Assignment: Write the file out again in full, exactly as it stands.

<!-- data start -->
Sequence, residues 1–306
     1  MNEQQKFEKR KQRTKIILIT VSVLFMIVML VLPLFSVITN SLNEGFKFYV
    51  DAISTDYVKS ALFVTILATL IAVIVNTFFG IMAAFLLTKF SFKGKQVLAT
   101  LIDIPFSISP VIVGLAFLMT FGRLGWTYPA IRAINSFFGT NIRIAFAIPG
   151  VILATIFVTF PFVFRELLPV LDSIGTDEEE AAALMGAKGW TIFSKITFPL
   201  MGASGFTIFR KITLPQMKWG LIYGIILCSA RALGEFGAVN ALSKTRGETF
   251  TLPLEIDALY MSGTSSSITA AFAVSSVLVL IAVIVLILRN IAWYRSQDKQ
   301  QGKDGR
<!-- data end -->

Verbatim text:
Sequence, residues 1–306
     1  MNEQQKFEKR KQRTKIILIT VSVLFMIVML VLPLFSVITN SLNEGFKFYV
    51  DAISTDYVKS ALFVTILATL IAVIVNTFFG IMAAFLLTKF SFKGKQVLAT
   101  LIDIPFSISP VIVGLAFLMT FGRLGWTYPA IRAINSFFGT NIRIAFAIPG
   151  VILATIFVTF PFVFRELLPV LDSIGTDEEE AAALMGAKGW TIFSKITFPL
   201  MGASGFTIFR KITLPQMKWG LIYGIILCSA RALGEFGAVN ALSKTRGETF
   251  TLPLEIDALY MSGTSSSITA AFAVSSVLVL IAVIVLILRN IAWYRSQDKQ
   301  QGKDGR